50 Years of Civil Rights
Six Southern cities mark the anniversary of one of the most important movements in our nation’s history this year.
by Erin Z. Bass
The year was 1963. And as the world watched, lunch counters, fire hoses, German Shepherds, a devastating explosion and a letter from jail all played a part in fighting for equal rights for people of all races. As Birmingham enters 2013, the city will mark the 50th anniversary of pivotal events in America’s Civil Rights Movement.
Today is the day Martin Luther King began writing his now-famous “Letter from Birmingham Jail’ exactly 50 years ago. In recognition, the Birmingham Public Library will sponsor a community-wide reading from King’s letter at the Central, North Birmingham and Smithfield Libraries, and at libraries, schools, churches, parks, and businesses around the globe today. A public marker was also installed at the jail site yesterday.
See a list of locations participating in readings here.
The Birmingham Museum of Art plans to memorialize the movement by showcasing contemporary art as a channel for dialogue surrounding the subjects of race, identity, activism and equality. The series, “Art Speaks: 50 Years Forward,” will present five different projects, displayed in various media, including performance and digital art, photography, painting and sculpture by world-renowned, contemporary artists coming from around the world to Birmingham to share their reflections of the movement.
“As a child in the early 1960s, I was only allowed admission to the Birmingham Museum of Art one day a week,” says Birmingham Mayor William A. Bell, who is leading the city’s year-long commemoration. “As a result of the progress we have made as a community and as a nation, it fills me with pride to present, as the Mayor of Birmingham, a powerful contemporary art series about history’s most commanding catalyst for social change, the Civil Rights Movement, by some of the world’s most brilliant artists. It is our hope that these art projects will contribute to the further progress of our society as we continue to understand and accept one another.”
Other events in the city that will take place through November include a special exhibit at the Civil Rights Institute, showings of documentary films, a Grand Foot Soldier Reunion Parade, commemoration at Sixteenth Street Baptist Church and many more. (See our calendar below.)
In South Carolina, the City of Columbia is in the process of solidifying plans to name the corner of Main and Washington streets Sarah Mae Flemming Way in honor of the late Sarah Mae Flemming (pictured second from left below). On a morning bus ride in the summer of 1954, Flemming and other blacks were forced to stand in the aisle to accommodate white passengers. When a seat became vacant near the front, Flemming sat down. The driver demanded she move to the back. Flemming moved to comply but violated racial custom by attempting to exit the front of the bus because the rear was crowded. The driver struck and ejected Flemming from the bus on the corner of Main and Washington streets.
This story and it’s recognition are immensely important to the overall Civil Rights story. Flemming, along with a number of young advocates and trailblazers, looked fear, danger and opposition square in the eye. They didn’t back down, they didn’t recoil, they stood strong. Columbia joins Birmingham in remembering the heroes of the movement with events, cultural programs and historical retrospectives throughout the year.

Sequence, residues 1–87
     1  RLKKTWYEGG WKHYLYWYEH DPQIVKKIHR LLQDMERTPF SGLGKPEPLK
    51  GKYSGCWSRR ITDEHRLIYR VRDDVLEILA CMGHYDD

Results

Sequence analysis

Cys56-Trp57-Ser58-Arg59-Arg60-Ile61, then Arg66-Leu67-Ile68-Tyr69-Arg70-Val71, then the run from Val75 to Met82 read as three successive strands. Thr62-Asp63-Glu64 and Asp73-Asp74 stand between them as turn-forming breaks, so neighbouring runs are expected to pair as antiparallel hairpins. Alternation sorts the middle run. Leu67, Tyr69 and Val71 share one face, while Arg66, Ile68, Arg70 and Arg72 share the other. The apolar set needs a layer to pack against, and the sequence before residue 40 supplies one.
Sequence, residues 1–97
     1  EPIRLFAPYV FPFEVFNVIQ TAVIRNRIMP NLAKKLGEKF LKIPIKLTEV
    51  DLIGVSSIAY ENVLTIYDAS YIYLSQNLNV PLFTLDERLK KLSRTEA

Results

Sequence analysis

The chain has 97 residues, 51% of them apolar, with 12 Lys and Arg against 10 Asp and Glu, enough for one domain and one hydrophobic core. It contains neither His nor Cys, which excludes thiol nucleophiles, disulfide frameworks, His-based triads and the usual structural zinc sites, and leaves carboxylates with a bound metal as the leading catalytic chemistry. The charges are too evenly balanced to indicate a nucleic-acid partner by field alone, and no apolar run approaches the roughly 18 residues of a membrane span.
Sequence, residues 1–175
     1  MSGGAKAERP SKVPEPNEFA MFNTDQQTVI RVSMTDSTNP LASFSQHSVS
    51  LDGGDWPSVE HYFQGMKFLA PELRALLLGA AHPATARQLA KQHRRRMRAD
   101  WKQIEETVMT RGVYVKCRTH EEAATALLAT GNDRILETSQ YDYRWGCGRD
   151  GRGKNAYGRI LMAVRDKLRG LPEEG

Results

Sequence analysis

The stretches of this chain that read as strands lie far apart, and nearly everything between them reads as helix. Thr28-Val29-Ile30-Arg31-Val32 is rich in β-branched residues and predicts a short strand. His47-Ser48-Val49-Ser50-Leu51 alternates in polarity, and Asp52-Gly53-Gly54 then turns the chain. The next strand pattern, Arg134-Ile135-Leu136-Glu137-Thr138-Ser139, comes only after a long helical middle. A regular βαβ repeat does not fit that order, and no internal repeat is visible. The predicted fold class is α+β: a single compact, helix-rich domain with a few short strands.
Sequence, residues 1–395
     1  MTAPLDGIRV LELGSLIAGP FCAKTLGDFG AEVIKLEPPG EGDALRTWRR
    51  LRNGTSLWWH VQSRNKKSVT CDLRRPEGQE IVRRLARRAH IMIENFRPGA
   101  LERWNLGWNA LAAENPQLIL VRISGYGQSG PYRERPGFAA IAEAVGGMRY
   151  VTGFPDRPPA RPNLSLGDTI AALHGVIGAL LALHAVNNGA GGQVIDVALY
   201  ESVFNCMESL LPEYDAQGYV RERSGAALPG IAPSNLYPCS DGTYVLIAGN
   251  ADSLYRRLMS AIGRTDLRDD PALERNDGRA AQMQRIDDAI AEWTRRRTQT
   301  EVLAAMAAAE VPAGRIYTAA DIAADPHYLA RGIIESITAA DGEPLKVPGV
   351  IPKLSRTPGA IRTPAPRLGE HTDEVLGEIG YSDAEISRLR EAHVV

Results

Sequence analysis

Find out more about Columbia’s Civil Rights history here.
Other Southern cities marking the anniversary this summer are Jackson, Mississippi, Memphis, Selma and Montgomery, Alabama, and Washington, D.C. Stay tuned for more on events and exhibits in these cities and a special story about Sarah Mae Flemming coming up in June.
Civil Rights Events Calendar
Through March 2014 – Freedom’s Sisters exhibit at the National Civil Rights Museum in Memphis
Through April 21 – Hattiloo Theater in Memphis presents Richard Wright’s “Native Son”
Through April 28 – “Memphis the Musical” at The Orpheum Theater in Memphis
April 16 – Letter From Birmingham Jail public readings
April 17 – Public discussion of Malcolm X at Allen University in Columbia
April 21 – Civil Rights Bus Tour in Columbia
April 28 – Showing of documentary “Our Mockingbird” at the Carver Theatre in Birmingham
May 1-5 – Foot Soldier 50th Anniversary Reunion in Birmingham
May 19 & June 30 – Civil Rights Sundays at the Nickelodeon Theater and Richland Library in Columbia
May 25 – Foot Soldier Grand Revolution Parade in Birmingham
June 5-12 – Medgar Evers Commemoration in Jackson
June 28 – Unveiling of Columbia street sign recognizing the corner of Main and Washington streets as Sarah Mae Flemming Way on Flemming’s birthday
September 1-7 – Spike Lee Civil Rights Film Festival at the Carver Theatre in Birmingham
September 15 – The Official Commemoration of the 50th Anniversary of the Bombing of the 16th Street Baptist Church in Birmingham
See the full schedule of Birmingham events here.
Photo Credits: Lennie Glover stands outside the Woolworth’s on Main Street in Downtown Columbia, courtesy of Cecil Williams; Martin Luther King mug shot; Sarah Mae Flemming, second from left, courtesy of South Caroliniana Library, University of South Carolina.
Erin Z. Bass is editor/publisher of Deep South Magazine. Find out more about her here.